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Our Committee is raising funds to create a lasting legacy telling the story of Lemnos' link to Gallipoli and Australia's Anzac story. Our projects include the Lemnos Gallipoli Memorial in Albert Park, the publication of a major new historical and pictorial publication and more. To make a donation you can also deposit directly by direct debit into the Committee's bank account: Account Name: Lemnos Gallipoli Commemorative Committee Inc; Bank: Delphi Bank; Account No: 204299-020 BSB No: 941300; Include your surname in the reference section. For further information on our legacy projects or to make a donation please contact either Lee Tarlamis 0411553009 or Jim Claven 0409402388M

Nurses on Lemnos

Medical and nursing sisters of 3rd Australian General Hospital (3AGH) in the tent lines with patients J01438

Lemnos became the location of the major Allied medical hospitals supporting the Gallipoli campaign. These hospitals were staffed by British, Canadian, New Zealand and Australian army medical staff. Wounded soldiers and sailors would be treated initially on the peninsula, repatriated by ship to Lemnos and then on to Egypt if necessary.

Two Australia field hospitals would be established on the island – the 3rd Australian General Hospital (AGH) at West Mudros and the 2nd Australian Stationary Hospital (ASH) at East Mudros, staffed with Australian nurses of the Australian Army Nursing Service (as well as nurses from the civilian nursing profession). There were other allied hospitals on the island staffed with nurses from the respective allied countries (i.e. Canada and Britain) such as the 1st and 3rd Canadian Stationary Hospitals. By October 1915 there were an estimated 9,000 beds on Lemnos with the Australians providing almost half the total accommodation.

The 96 Australian nurses of 3rd Australian General Hospital were led by Matron Grace Wilson. A sad note is that prior to her arrival, Matron Wilson’s brother, Lance Corporal Graeme Wilson of the 2nd Australian Light Horse had been killed on the peninsula.

While male orderlies provided initial nursing care to troops on Lemnos from March 1915, the main body of Australian nurses arrived at Mudros on 5 August 1915, having sailed from Australia, via Plymouth, London and Alexandria in Egypt. Following the erection of the hospital site and tents, the Australian nurses came ashore on 8th August, led by a piper. The hospital began operation on 9th August 1915. The nurses were also seconded to transport ships carrying the sick and wounded from Gallipoli to Lemnos.

Members of the 2nd Australian Field Ambulance practising boat drill in the harbour on the Aegean island of Lemnos in preparation for the landing at Anzac Cove. C01632

Before breakfast on the 9th August, 200 wounded and sick had already been admitted to the new hospital. Four days later the number of patients had risen to 800. In the two months to October 1915, 57,000 sick and 37,000 wounded were evacuated from the beaches of Gallipoli to the allied hospitals on Lemnos and from August more than 100,000 casualties were shipped from Mudros to other facilities in Egypt, Malta and England. These field hospitals were remarkably successful in that despite the conditions and the fact that they dealt with the most serious injuries suffered by the soldiers, the death rate was a mere 2.5%.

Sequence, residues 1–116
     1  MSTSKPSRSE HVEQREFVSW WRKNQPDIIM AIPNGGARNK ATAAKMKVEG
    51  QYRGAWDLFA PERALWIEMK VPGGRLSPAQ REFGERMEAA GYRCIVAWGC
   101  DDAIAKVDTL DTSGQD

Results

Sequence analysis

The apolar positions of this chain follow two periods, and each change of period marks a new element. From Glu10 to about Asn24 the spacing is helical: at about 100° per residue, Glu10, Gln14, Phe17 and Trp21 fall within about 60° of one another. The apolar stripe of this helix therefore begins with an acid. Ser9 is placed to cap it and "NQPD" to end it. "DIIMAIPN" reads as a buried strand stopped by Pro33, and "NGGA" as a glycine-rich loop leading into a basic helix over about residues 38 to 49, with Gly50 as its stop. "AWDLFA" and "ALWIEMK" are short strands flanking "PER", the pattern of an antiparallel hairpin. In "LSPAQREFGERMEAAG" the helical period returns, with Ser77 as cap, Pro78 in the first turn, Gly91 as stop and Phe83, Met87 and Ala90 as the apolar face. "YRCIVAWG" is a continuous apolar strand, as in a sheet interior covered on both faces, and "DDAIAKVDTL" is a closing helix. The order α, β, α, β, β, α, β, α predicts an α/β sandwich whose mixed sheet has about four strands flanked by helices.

2nd Australian Stationary Hospital, Lemnos 1915. Australian War Memorial image C02097

The 3rd Australian General Hospital treated the wounded and sick of all allied armies engaged in the campaign. For example, up to October 15th out of a total of 3,906 cases admitted to the hospital 30% were Australian, 13% New Zealand and 57% British and Indian. The great number of wounded and dysentery cases from the peninsula placed a heavy burden on the nurses. While initially deaths of patients were those who had suffered gunshot wounds, after August 1915 most of the deaths resulted from disease.

For further information on the the 3rd Australian General Hospital at Lemnos go to the Australian Department of Veteran's Affairs Gallipoli and Anzacs website here.

Anzac soldier memoirs record the affection and admiration felt towards the AANS nurses on Lemnos. The tent hospitals developed homely national touches, with the main thoroughfare of one called “Macquarie Street”, with flower gardens decorated with white stones in the shapes of kangaroo’s and emu’s. The nurses also attended troop concerts. Records report the nurses presenting troops leaving for their second tour to Gallipoli with extra rations, chocolates and “a fine Australian flag”.

One of the most celebrated events on Lemnos was the marriage of Sergeant Ernest Lawrence and Staff Nurse Clarice Daley at West Mudros in the Church Camp at West Mudros on 21 October 1915. They both survived the war and lived in Elwood, Victoria.

Some Australian medical orderlies looking after Turkish wounded in a hospital Australian War Memorial image G00748

There is information on Lemnos and the Australian Nurses, including the work of Matron Grace Wilson from a special exhibition held at the Australian War Memorial - its weblink is here.

For further information on the Nurses at Lemnos go to the Australian Department of Veteran's Affairs Gallipoli and Anzacs website here.

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